The platform was designed as a cheap and easy way to build a diversified stock portfolio, but it’s also ideal for ETF investors. One drawback of ETFs has always been that it is cost-prohibitive to trade small amounts. Commissions make monthly contributions — and even annual rebalancing — too expensive for many investors. Imagine that you’ve decided to set up a Couch Potato portfolio with the following asset allocation:

20%     Canadian equities
20%     US equities
20%     International equities
5%       Emerging markets equities
5%       Real estate
20%     Short-term bonds
10%     Real-return bonds

Building an ETF portfolio like this through a big-bank discount brokerage would incur seven trading commissions totaling more than $200. I use the rule of thumb that a trading commission should not exceed 1% of the purchase or sale. So if you’re paying $29 commissions, your trades should be at least $3,000 or so. The cost of adding money and rebalancing, even once a year, is so high that you’d likely be better off using index mutual funds unless your account is at least $60,000. (If you’re paying $9.95 per trade you could pull it off with less, but it would still be unwieldy.)

Now consider the same portfolio in a ShareOwner account. You’d build it by placing one $40 order that includes all seven ETFs. Using my 1% rule, you’d need only $4,000 to make this cost-effective. After subtracting the $40 fee you’d have $3,960, which you’d allocate like this:

Dollar Current Number
amount price of shares
iShares S&P/TSX Composite (XIC) 20% $792 17.96 44.0980
SPDR S&P 500 (SPY) 20% $792 107.55 7.3640
Vanguard Europe Pacific (VEA) 20% $792 29.03 27.2821
Vanguard Emerging Markets (VWO) 5% $198 36.38 5.4426
iShares S&P/TSX Capped REIT (XRE) 5% $198 11.56 17.1280
iShares DEX Short-Term Bond (XSB) 20% $792 28.97 27.3386
iShares DEX Real-Return Bond (XRB) 10% $396 20.79 19.0476

Once or twice a year (or as often as you want) you can add a few thousand dollars and rebalance the whole portfolio in one fell swoop. In the meantime, all of your distributions get automatically reinvested rather than lying around in cash.

ShareOwner is a unique service that promises to make buying ETFs even easier and cheaper for small investors. In my next post, we’ll look at its strengths and weaknesses so you can decide whether it would be the right vehicle for your Couch Potato portfolio. Until then, If you’ve used ShareOwner, please let us know your thoughts in the comment section.

Dollar Current Number
Amount Price of shares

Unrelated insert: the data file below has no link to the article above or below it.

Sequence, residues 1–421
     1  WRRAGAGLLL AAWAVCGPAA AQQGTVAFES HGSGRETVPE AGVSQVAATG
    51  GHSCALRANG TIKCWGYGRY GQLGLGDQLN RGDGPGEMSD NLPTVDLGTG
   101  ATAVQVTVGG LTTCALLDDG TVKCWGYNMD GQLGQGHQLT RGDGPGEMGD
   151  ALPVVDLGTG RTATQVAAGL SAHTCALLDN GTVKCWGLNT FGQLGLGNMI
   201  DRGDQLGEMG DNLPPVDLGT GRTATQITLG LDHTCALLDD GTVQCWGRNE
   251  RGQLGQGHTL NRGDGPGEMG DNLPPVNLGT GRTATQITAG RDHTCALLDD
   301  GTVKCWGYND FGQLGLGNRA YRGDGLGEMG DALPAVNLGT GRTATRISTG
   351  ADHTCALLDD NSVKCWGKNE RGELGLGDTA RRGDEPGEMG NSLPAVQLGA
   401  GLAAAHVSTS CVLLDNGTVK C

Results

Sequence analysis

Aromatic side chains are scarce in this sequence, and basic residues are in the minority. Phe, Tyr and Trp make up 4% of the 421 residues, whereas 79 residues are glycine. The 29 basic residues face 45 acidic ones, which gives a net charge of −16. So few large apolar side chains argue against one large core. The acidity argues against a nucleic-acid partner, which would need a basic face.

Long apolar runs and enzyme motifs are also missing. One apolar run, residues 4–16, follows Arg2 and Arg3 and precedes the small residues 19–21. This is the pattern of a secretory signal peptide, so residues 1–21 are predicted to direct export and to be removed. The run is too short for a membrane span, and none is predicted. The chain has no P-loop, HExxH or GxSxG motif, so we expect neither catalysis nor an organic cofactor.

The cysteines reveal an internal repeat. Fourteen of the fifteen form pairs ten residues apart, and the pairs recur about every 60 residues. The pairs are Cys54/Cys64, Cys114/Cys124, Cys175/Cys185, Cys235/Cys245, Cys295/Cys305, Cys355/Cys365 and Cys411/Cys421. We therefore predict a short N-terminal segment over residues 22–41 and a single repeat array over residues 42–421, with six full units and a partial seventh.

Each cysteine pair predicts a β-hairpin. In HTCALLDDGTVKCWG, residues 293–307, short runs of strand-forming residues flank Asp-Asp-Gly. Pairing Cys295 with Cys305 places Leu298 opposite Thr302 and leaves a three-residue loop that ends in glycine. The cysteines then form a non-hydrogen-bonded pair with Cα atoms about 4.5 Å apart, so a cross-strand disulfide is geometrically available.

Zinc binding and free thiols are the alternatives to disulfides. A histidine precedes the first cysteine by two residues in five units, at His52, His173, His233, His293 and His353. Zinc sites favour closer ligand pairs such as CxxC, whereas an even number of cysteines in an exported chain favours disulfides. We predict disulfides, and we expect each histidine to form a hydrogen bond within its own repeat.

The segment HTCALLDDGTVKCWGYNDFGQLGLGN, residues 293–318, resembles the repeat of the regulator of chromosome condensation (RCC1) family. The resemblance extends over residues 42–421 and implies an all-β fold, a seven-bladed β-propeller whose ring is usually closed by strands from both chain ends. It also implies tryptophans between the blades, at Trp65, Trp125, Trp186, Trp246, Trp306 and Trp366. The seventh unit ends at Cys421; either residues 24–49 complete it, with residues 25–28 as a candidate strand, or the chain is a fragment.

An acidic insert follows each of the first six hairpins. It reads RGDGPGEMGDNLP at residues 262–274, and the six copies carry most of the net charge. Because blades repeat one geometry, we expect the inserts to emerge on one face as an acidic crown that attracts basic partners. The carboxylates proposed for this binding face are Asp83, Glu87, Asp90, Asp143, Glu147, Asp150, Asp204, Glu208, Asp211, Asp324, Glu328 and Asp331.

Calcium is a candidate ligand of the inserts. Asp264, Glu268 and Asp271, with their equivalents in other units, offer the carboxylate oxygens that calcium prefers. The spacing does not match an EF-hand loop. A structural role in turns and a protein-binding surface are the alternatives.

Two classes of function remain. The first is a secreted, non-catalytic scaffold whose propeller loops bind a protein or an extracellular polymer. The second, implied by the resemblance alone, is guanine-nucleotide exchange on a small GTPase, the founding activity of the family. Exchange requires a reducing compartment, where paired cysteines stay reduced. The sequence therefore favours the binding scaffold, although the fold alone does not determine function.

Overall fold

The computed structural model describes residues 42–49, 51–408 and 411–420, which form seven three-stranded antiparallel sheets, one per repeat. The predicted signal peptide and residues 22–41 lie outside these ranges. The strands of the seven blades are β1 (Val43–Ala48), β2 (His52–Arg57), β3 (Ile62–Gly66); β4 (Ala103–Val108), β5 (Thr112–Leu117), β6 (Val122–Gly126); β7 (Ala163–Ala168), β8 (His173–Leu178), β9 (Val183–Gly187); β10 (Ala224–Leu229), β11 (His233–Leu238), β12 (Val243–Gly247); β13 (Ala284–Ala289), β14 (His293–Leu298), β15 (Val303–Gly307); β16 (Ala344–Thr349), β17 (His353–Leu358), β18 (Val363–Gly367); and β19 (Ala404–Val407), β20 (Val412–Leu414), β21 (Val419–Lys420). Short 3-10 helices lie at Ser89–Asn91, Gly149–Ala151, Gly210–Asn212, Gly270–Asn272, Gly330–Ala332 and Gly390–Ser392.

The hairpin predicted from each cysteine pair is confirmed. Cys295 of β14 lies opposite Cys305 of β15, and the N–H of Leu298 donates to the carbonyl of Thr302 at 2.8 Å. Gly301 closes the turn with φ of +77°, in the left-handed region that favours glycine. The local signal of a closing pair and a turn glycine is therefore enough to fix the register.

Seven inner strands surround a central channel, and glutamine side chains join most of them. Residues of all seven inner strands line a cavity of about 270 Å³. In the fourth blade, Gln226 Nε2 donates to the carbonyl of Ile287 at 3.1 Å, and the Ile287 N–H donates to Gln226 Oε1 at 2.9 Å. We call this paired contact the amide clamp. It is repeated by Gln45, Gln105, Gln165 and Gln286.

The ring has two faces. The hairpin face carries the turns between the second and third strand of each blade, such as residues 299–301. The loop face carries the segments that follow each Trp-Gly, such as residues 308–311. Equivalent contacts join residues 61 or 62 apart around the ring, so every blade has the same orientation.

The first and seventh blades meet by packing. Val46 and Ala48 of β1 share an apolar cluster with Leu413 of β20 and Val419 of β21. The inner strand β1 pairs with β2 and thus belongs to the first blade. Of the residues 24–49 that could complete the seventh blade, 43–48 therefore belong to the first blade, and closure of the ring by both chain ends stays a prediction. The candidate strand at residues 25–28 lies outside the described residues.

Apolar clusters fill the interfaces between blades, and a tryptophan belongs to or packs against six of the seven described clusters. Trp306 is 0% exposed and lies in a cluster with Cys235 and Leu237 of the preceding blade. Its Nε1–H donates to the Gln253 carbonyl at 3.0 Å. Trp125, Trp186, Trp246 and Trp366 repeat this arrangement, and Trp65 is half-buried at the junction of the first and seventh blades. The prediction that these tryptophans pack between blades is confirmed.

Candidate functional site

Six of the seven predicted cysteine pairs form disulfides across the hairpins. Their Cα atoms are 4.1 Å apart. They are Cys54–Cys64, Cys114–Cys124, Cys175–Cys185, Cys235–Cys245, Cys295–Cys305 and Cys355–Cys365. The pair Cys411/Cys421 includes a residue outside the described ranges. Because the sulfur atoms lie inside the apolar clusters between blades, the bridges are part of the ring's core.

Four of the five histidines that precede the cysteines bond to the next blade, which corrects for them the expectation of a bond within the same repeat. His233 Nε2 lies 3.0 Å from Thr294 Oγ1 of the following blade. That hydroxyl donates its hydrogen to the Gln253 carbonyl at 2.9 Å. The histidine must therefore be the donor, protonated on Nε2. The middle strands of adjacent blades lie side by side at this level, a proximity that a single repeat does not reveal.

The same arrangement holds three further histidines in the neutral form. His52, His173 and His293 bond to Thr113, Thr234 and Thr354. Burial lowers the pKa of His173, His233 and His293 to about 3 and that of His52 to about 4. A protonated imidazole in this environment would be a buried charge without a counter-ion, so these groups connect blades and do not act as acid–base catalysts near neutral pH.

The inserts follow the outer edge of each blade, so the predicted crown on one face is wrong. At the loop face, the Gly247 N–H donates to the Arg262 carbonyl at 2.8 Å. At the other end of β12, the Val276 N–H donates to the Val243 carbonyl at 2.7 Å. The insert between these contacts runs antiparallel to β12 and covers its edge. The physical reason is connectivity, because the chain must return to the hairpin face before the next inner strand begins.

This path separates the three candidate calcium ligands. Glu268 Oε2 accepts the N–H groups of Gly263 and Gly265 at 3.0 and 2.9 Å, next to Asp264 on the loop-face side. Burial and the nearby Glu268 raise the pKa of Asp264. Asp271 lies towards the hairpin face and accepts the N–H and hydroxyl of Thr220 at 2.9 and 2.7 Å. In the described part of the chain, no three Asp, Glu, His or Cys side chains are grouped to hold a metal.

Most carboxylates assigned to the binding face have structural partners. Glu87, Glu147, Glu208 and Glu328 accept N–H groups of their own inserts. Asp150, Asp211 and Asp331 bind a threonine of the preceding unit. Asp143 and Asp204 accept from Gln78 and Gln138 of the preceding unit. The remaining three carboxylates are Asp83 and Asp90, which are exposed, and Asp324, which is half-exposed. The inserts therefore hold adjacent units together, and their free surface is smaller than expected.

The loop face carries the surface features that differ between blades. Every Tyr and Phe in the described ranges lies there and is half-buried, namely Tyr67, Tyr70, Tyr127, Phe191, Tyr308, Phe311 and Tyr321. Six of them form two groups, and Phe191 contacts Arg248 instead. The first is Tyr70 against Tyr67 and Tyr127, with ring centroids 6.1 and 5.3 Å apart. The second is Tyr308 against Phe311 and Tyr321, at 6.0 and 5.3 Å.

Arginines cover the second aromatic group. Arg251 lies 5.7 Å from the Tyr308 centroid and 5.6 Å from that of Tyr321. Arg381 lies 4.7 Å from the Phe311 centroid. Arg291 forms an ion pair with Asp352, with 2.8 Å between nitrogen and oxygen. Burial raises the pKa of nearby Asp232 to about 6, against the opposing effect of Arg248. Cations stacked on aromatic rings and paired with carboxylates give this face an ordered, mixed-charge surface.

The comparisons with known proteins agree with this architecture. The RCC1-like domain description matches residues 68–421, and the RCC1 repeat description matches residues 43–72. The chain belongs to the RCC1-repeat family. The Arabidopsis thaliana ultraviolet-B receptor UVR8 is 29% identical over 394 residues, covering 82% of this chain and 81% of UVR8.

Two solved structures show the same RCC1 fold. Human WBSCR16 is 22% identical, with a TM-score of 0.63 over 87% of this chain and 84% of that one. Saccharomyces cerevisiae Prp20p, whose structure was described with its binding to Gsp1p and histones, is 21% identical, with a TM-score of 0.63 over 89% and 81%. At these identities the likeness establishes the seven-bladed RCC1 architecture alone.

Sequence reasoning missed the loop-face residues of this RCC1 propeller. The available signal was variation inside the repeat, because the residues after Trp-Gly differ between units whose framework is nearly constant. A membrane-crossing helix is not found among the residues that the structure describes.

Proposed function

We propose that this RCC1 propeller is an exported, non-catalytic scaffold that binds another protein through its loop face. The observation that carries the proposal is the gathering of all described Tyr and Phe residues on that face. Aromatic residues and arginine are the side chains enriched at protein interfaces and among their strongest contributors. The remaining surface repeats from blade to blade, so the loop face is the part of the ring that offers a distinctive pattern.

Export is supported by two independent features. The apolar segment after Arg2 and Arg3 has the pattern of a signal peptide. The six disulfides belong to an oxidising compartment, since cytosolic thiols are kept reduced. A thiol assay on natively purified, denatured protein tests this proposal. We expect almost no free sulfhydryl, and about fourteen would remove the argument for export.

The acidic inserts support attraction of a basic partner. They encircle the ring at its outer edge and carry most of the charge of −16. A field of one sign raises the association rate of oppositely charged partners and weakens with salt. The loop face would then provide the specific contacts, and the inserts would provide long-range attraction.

iShares Canadian Composite (XIC) 20% $792 17.96 44.0980
SPDR S&P 500 (SPY) 20% $792 107.55 7.3640
Vanguard Europe Pacific (VEA) 20% $792 29.03 27.2821
Vanguard Emerging Markets (VWO) 5% $198 36.38 5.4426
iShares S&P/TSX Capped REIT Sector (XRE) 5% $198 11.56 17.1280
iShares DEX Short-Term Bond (XSB) 20% $792 28.97 27.3386
iShares DEX Real-Return Bond (XRB) 10% $396 20.79 19.0476

Canada’s Best Investing Blogs

May 18, 2010

The Globe and Mail is running a poll to determine the best investing blogs in Canada, and I am honored that Canadian Couch Potato is on the shortlist. If you’ve been a loyal reader, I would be grateful if you would take the time to cast a vote for your humble spud.

The Globe poll also includes personal finance blogs that cover topics other than investing. You will need to vote for at least one of these in order to get to the investing ballot.

The panel who came up with the shortlist included the venerable Ram Balakrishnan, better known in the blogosphere as Canadian Capitalist, the Globe‘s personal finance columnist Rob Carrick, and Globe contributors David Breman and Chaya Cooperberg.

Many thanks!

[Update on May 25: CCP finished second in the poll behind Congratulations, Preet!]


Tips for Trading ETFs

May 14, 2010

I happened to have Google Finance open on my computer last week when the “flash crash” happened. While the market’s whipsaw on May 6 affected almost all stocks, it seems that ETFs were particularly hard hit: I watched my position in the iShares S&P/TSX Capped REIT Index Fund (XRE) fall 15% in a matter of minutes. The ETF, which opened the day at $12, eventually fell to $6.89. I missed that low point, as I was standing on the ledge of my home office window, poised to hurl myself onto the dandelions below.

I’m not sure we’ll ever know the full story behind the madness of May 6, and for long-term investors it’s probably not worth fretting about. But the day was a reminder that ETFs, unlike mutual funds, are potentially vulnerable to the insanity that occasionally plagues stock exchanges in this era of automated trades. If you’re building a portfolio of ETFs in a discount brokerage account, here are a few suggestions to make sure your trades go smoothly:

Choose frequently traded ETFs. In theory, ETFs are supposed to be infinitely liquid: that is, you should be able to buy or sell units at market prices very close to the net asset value (NAV). But unpopular ETFs may be subject to wider price fluctuations and higher overall expenses. This is not an issue with the broad-based equity funds from iShares or Claymore: any ETF that trades at least a few thousand shares every day should not cause concern. But some of the newer and more specialized ETFs are traded very infrequently: the iShares Portfolio Builders have days when only a few hundred shares change hands, and some of BMO’s new ETFs go entire days without a trade.